- 5. Fantappie L, Metruccio MM, Seib KL, Oriente F, Cartocci E, et al. (2009) The RNA chaperone Hfq is involved in stress response and virulence in Neisseria meningitidis and is a pleiotropic regulator of protein expression. Infect Immun 77: 1842–1853.
- 6. Christiansen JK, Larsen MH, Ingmer H, Sogaard-Andersen L, Kallipolitis BH (2004) The RNA-binding protein Hfq of Listeria monocytogenes: role in stress tolerance and virulence. J Bacteriol 186: 3355–3362.
- 7. Kajitani M, Ishihama A (1991) Identification and sequence determination of the host factor gene for bacteriophage Q beta. Nucleic Acids Res 19: 1063–1066.
- 8. Moller T, Franch T, Hojrup P, Keene DR, Bachinger HP, et al. (2002) Hfq: a bacterial Sm-like protein that mediates RNA-RNA interaction. Mol Cell 9: 23–30.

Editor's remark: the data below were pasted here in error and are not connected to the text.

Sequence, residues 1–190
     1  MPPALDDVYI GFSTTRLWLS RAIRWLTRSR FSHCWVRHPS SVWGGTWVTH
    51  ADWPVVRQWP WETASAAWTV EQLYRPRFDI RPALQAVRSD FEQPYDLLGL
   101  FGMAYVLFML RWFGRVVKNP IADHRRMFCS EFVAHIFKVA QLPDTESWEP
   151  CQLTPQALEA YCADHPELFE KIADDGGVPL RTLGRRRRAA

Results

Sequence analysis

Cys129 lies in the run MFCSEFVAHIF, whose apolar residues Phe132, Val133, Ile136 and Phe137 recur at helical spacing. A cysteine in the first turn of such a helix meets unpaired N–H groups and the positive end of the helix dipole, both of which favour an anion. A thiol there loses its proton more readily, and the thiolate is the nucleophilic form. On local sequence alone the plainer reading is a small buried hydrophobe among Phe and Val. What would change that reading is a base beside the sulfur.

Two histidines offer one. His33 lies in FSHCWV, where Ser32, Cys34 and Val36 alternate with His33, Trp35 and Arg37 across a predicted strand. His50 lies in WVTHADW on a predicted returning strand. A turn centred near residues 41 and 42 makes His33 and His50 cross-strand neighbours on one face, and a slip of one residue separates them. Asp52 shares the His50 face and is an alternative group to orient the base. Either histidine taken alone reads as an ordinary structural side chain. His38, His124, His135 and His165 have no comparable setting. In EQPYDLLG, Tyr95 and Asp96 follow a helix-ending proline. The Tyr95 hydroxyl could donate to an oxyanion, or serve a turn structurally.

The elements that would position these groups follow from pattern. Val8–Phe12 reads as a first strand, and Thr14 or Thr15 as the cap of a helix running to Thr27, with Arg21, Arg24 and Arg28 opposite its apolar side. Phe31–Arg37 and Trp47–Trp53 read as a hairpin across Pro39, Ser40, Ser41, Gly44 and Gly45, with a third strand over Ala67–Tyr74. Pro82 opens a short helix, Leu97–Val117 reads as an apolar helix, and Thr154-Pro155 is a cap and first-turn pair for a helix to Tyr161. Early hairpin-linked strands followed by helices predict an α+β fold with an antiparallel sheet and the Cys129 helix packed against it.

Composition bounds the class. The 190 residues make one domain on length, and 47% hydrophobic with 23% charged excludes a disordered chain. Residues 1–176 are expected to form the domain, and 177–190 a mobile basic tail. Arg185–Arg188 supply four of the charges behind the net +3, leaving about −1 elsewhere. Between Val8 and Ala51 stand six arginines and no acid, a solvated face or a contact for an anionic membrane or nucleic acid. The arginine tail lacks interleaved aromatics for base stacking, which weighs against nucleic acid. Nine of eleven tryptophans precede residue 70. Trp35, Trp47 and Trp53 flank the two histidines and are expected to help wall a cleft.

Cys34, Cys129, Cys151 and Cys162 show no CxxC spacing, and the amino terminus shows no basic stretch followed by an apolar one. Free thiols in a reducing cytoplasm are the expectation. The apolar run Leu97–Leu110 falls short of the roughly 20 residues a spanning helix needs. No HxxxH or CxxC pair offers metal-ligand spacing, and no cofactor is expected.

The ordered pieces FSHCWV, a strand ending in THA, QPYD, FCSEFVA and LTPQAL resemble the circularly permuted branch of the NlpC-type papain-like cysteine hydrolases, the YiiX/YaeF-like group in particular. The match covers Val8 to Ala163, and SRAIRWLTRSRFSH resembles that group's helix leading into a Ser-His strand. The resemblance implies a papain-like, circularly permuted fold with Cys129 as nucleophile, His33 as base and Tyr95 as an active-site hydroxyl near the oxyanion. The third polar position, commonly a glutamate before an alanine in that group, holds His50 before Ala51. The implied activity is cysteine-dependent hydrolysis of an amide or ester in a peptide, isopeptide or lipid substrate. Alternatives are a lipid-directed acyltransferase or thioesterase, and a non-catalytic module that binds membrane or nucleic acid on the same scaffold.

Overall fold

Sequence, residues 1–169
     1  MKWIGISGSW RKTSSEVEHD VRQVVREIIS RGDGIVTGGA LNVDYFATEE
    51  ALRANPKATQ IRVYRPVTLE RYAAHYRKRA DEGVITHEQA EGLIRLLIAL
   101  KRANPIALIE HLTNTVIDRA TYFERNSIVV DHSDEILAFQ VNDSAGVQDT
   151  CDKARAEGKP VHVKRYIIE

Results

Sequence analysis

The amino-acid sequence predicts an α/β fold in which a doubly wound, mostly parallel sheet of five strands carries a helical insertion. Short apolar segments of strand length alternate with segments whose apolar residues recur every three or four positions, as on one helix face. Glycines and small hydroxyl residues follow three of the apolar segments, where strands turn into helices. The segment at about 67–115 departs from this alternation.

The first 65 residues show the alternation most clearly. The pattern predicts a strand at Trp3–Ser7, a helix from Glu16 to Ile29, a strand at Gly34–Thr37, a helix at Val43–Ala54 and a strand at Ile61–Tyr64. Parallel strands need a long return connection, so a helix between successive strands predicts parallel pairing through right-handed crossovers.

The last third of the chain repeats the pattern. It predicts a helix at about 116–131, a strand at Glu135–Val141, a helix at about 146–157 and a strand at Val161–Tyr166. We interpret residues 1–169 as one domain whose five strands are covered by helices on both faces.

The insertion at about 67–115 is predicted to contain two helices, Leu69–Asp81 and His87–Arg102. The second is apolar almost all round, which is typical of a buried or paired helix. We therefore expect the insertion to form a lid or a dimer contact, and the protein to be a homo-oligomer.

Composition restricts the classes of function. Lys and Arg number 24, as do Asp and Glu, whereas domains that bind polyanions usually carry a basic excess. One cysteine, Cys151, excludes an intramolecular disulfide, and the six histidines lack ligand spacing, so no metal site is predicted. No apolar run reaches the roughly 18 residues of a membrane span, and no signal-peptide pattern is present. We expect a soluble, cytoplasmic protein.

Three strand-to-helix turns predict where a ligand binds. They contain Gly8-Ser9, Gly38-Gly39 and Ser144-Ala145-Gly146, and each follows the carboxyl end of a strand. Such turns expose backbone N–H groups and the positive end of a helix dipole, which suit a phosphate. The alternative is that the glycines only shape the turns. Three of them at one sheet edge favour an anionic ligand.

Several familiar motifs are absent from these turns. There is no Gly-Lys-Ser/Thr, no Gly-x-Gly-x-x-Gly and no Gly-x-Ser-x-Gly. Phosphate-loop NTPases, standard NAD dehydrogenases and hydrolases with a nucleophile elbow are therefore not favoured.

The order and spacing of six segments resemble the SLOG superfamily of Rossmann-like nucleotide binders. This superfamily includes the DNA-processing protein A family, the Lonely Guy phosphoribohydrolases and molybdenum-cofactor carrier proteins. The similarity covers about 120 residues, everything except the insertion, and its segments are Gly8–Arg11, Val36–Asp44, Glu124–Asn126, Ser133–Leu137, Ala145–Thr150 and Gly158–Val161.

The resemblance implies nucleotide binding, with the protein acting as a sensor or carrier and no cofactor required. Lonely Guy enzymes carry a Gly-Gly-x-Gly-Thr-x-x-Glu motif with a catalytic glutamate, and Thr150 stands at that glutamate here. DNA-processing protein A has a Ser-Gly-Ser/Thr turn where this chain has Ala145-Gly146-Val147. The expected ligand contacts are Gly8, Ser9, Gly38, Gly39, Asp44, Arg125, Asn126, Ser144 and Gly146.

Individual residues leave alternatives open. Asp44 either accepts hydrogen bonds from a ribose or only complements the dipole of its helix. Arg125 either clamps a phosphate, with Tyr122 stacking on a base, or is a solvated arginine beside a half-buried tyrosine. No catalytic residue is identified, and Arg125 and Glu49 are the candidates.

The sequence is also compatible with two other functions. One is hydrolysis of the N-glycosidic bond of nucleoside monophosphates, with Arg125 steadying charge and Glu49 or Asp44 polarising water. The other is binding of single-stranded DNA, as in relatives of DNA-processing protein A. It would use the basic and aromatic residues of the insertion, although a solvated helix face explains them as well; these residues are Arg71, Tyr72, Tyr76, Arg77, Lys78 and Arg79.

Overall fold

- 9. Link TM, Valentin-Hansen P, Brennan RG (2009) Structure of Escherichia coli Hfq bound to polyriboadenylate RNA. Proc Natl Acad Sci U S A 106: 19292–19297.
- 10. Zhang A, Wassarman KM, Ortega J, Steven AC, Storz G (2002) The Sm-like Hfq protein increases OxyS RNA interaction with target mRNAs. Mol Cell 9: 11–22.
- 11. Salim NN, Feig AL (2010) An upstream Hfq binding site in the fhlA mRNA leader region facilitates the OxyS-fhlA interaction. PLoS One 5: e13028.
- 12. Morita T, Maki K, Aiba H (2005) RNase E-based ribonucleoprotein complexes: mechanical basis of mRNA destabilization mediated by bacterial noncoding RNAs. Genes Dev 19: 2176–2186.
- 13. Mohanty BK, Maples VF, Kushner SR (2004) The Sm-like protein Hfq regulates polyadenylation dependent mRNA decay in Escherichia coli. Mol Microbiol 54: 905–920.